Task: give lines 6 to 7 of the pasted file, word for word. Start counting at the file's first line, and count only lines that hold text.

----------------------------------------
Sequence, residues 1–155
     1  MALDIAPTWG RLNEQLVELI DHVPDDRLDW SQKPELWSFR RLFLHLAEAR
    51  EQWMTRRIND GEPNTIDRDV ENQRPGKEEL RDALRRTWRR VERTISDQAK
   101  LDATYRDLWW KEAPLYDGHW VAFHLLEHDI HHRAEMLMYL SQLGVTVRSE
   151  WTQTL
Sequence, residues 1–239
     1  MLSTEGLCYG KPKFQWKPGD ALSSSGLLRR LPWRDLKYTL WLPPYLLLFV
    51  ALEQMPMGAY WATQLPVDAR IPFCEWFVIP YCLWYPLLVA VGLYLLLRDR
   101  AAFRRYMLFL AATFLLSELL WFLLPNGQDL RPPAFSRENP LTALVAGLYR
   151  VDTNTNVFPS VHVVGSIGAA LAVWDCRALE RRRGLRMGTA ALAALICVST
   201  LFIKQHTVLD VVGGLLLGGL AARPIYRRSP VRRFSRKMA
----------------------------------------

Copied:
Sequence, residues 1–239
     1  MLSTEGLCYG KPKFQWKPGD ALSSSGLLRR LPWRDLKYTL WLPPYLLLFV